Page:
Life Lessons from Mrs. Zajac’s Fifth Grade Class

The Kelly School is located in the flats of Massachussetts, an impoverished area of Holyoke.  The town is divided along lines of great poverty.  Up on the hill, the neighborhoods slowly become more wealthy, culminating in the richest, called the Highlands.  Families in the flats tend to be immigrants from Puerto Rico, as are 50 percent of the students at the Kelly School, many of them bilingual.

Author Tracy Kidder spends one school year in Chris Zajac’s fifth grade class at the Kelly School for his book, Among Schoolchildren. Kidder’s narration moves readers through the thoughts, feelings and impressions of Zajac as she tries to understand the children in her class.  His writing follows her so closely, that while we know that Kidder is observing and interviewing, the reader is immersed in the world of the teacher, learning her deepest fears and the nightmares.

As we meet her students, we begin to see how at age 10, their lives and futures are already drastically dictated by their short pasts.  Many children are behind grade level, have unstable home environments, and as a result struggle with their schoolwork and act out in class.

One of the most driving relationships for first half of the book is that between Zajac and one of her students, Clarence.  From the beginning, Clarence has a reputation as an especially disruptive troublemaker, yet he is charming and sweet.  We watch Zajac work to alter his violent behavior.  At 10, he already has a chip on his shoulder and feels defeated by the world.  His place in the classroom impacts the learning environment, and ultimately, painfully, he is moved to another classroom for especially troubled students, called Alphas.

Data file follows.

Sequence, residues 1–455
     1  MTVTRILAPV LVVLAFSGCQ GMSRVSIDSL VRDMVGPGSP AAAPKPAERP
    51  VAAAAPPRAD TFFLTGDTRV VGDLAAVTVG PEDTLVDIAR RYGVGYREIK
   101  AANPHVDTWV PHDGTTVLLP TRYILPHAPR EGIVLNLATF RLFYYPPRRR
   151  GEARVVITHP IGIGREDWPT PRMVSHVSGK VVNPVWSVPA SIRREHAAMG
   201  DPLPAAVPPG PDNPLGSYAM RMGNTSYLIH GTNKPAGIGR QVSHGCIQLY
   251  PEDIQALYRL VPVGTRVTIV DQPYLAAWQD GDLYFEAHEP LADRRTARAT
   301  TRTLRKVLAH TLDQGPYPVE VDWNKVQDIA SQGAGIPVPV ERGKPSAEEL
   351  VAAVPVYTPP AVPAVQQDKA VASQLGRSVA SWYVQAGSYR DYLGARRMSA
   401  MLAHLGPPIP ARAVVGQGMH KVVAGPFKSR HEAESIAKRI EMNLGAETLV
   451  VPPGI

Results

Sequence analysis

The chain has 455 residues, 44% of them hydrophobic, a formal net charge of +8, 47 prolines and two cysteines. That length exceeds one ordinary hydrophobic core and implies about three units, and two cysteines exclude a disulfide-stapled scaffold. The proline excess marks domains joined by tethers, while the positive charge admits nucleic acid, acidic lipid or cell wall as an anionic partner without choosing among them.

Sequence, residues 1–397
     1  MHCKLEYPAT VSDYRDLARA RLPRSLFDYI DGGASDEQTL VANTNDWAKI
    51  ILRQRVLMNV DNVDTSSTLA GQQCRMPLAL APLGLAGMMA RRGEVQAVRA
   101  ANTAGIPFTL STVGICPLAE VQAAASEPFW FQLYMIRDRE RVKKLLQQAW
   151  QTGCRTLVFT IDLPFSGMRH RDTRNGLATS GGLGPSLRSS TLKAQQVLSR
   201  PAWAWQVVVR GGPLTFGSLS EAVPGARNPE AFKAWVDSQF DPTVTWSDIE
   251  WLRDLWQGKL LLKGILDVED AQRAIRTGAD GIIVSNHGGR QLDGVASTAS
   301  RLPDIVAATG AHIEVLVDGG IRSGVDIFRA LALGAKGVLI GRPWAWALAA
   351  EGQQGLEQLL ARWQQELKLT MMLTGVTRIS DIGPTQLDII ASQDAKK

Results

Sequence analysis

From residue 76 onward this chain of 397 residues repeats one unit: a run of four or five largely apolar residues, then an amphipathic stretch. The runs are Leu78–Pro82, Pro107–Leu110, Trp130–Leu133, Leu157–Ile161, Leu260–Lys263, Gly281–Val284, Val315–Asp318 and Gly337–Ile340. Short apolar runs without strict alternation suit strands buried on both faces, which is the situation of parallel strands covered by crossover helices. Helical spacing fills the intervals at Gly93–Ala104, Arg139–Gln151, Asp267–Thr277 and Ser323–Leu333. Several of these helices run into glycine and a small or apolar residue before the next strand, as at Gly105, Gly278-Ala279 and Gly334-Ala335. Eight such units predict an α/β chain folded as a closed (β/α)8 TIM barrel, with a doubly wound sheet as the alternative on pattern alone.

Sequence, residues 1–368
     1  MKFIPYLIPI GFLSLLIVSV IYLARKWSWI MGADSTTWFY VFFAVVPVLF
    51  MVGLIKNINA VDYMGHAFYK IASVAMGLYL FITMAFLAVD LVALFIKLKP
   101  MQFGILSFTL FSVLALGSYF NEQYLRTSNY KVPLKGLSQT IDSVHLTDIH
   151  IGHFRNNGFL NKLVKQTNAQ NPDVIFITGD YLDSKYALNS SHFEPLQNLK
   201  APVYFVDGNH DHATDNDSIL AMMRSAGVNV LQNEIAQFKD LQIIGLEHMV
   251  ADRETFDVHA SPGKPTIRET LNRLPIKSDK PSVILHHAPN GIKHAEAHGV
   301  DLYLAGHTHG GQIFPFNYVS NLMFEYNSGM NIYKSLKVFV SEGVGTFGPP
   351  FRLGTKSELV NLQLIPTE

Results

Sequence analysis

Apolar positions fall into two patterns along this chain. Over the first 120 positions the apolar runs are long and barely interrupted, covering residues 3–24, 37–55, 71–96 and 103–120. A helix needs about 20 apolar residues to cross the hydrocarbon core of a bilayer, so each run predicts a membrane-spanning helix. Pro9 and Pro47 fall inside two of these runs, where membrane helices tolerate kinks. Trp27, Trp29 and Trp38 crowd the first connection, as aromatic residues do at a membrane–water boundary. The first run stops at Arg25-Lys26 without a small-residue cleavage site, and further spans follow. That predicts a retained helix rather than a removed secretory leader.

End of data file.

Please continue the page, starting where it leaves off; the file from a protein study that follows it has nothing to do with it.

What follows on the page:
In the context of the current teacher evaluation debate, the story of Mrs. Zajac’s class was particularly relevant.  Each day we see how much teaching is a balance of personality and situation: Both teacher and student come in with a huge amount on their plate, from exhaustion to depression.  Even under the best circumstance, teaching is expressed as an enormous push and pull between discipline and rebellion of student behavior.

Teaching material is as much about presenting material as it is about teaching students how to receive it.   While it is clear Mrs. Zajac is a passionate and dedicated teacher, because of the economic shortcomings that so many students begin with, leaving them behind grade level, over 60 percent of the students at Kelly School fail the standardized tests.  If these tests were then to determine Mrs. Zajac’s capacity for teaching, she would fail.  However through Kidder’s observation the reader can see all the ways Mrs. Zajac’s teaching impacts her students’ lives, how she constantly agonizes over how to individually improve each student, and challenge those who are succeeding.  We see students who are thriving from both from the projects and from the wealthy highlands, as well as a student with aptitudes, who is so psychologically imbalanced from his home environment, that he refuses to work and physically harms himself.

Kidder reveals a painful truth, that at age 10, and even earlier, it is hard to change the fate of many of these students.  While they are still children one would like to believe that anything is possible, but even with the most determined teacher, children are born with enormous obstacles to overcome, and through Mrs. Zajac’s classroom, we learn that not every child will.

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